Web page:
Gum disease or Periodontal disease is a progressive inflammatory disease of the gingival and the surrounding tissue (bone) around the teeth. Periodontal disease is the number one cause of tooth loss after the age of 30 and it is believed that around 80% of the population above the age of 30 may suffer from this disease, with varying degrees of severity.
What is Periodontal Disease?
Periodontal gum disease is caused by a bacterial infection that can irreversibly damage your teeth if left untreated. The word "periodontal" literally means “around the tooth.” Because periodontal disease is caused by a degenerative bacterium that harms the gums and the supporting bone structure beneath them, it requires treatment in its earliest stages.
Causes of Gum Disease
The main cause of periodontal (gum) disease is bacterial plaque, a highly adhesive, clear film that is constantly forming on your teeth. The following causes have also been attributed to gingivitis and the more advanced forms of periodontitis:
- Poor oral hygiene, smoking and tobacco use has been shown to be a major contributor to gum disease. It is no secret that smoking causes a host of health related issues, but recent studies have shown it to be one of the most significant risk factors in the development and advancement of periodontal diseases.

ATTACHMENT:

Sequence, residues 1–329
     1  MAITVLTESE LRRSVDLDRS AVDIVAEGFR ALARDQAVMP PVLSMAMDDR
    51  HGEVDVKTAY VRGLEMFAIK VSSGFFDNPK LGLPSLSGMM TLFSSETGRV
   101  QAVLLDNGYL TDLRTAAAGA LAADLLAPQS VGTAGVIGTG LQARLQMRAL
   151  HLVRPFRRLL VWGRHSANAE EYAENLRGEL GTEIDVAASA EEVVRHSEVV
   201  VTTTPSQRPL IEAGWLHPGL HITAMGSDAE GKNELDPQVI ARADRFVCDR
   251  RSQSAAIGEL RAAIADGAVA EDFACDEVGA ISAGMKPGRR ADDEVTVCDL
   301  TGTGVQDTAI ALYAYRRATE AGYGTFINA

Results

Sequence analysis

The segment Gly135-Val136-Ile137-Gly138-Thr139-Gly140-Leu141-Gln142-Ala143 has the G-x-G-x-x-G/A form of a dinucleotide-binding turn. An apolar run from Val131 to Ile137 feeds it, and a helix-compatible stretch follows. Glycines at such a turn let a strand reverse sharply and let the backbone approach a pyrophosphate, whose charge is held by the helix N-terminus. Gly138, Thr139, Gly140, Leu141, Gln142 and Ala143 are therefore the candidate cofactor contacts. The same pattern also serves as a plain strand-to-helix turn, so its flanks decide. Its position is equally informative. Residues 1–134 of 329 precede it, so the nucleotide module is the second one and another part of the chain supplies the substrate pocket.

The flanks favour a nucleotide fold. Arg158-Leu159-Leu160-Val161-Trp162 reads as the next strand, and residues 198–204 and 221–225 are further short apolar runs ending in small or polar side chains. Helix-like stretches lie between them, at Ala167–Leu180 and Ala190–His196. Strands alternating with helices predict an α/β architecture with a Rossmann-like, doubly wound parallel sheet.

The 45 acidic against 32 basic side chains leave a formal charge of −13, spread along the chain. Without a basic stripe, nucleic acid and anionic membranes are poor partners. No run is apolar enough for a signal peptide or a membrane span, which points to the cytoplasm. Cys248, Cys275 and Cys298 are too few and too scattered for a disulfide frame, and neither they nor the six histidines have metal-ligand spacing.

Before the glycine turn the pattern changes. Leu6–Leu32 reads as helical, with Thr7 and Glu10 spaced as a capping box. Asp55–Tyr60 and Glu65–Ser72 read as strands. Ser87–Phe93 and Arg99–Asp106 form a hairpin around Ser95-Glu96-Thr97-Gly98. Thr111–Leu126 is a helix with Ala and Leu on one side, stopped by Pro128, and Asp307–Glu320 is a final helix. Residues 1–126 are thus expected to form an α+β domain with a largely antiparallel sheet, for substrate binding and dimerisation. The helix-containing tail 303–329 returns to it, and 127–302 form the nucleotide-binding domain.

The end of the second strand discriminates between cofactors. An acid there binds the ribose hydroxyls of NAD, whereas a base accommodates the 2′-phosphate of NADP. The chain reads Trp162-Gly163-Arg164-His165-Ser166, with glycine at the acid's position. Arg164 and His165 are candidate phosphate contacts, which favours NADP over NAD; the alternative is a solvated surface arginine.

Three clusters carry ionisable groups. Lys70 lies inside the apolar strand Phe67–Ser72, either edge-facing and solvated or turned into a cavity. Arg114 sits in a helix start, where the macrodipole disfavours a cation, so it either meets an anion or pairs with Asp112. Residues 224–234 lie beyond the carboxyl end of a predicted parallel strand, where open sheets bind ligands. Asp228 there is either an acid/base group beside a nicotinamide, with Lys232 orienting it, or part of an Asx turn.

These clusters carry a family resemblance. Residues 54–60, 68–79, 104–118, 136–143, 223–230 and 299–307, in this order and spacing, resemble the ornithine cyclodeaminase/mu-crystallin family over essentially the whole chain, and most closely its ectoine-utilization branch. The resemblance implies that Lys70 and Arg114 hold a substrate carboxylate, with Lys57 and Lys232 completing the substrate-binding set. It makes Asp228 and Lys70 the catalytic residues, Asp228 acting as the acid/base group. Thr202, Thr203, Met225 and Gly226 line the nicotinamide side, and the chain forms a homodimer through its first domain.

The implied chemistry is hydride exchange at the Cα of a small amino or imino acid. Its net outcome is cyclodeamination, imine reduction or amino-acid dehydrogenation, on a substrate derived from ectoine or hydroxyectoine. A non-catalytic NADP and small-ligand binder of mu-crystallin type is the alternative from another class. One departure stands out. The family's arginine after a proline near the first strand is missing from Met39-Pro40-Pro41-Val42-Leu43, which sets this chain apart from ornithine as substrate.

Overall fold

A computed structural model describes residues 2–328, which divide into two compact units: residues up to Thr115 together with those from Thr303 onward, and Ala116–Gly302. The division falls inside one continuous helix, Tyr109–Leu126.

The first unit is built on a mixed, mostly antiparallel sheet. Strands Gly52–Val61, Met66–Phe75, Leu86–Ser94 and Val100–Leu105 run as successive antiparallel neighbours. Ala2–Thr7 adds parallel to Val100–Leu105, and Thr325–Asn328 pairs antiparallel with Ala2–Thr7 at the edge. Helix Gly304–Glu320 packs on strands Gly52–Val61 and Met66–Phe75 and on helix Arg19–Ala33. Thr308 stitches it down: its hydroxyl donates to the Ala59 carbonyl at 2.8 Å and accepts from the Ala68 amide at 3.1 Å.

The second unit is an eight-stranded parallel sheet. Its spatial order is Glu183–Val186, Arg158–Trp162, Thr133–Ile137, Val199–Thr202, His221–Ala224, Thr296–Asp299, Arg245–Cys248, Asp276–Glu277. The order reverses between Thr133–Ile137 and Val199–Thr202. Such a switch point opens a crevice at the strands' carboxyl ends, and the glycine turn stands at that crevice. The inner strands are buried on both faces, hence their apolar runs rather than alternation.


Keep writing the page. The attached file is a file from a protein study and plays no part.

- Poor nutrition leads to a multitude of health-related complications, including gum disease. Compromising your immune system with a poor diet will hinder your body’s natural ability to fight off gum disease, and may require you to seek professional periodontal treatment.
- Genetics predispose nearly 30 percent of the population to gum disease. Even with aggressive and consistent oral health care, these people may be six times more likely to develop periodontal disease than those who are not genetically susceptible to gum disease. It is important to visit an accredited periodontist to determine if you are at a higher risk for periodontal complications in order to begin an early intervention treatment routine.
- Pregnancy and the hormonal changes that accompany it can lead to an increased susceptibility to gum disease. Severe hormonal fluctuations are known to affect a number of tissues in your body, including your gums.
- Medications such as oral contraceptives, anti-depressants, and certain heart medicines can have a negative impact on your overall oral health. It is important you inform your periodontist of the medications you are taking and of any subsequent changes.
- Grinding your teeth places excess force on the supporting tissue of the teeth and can accelerate the rate at which gum disease destroys the sensitive support system of your mouth.
- Diabetes causes fluctuations and alterations in your blood sugar. The perpetual changes lead to a higher risk for developing severe periodontal disease that requires gum surgery.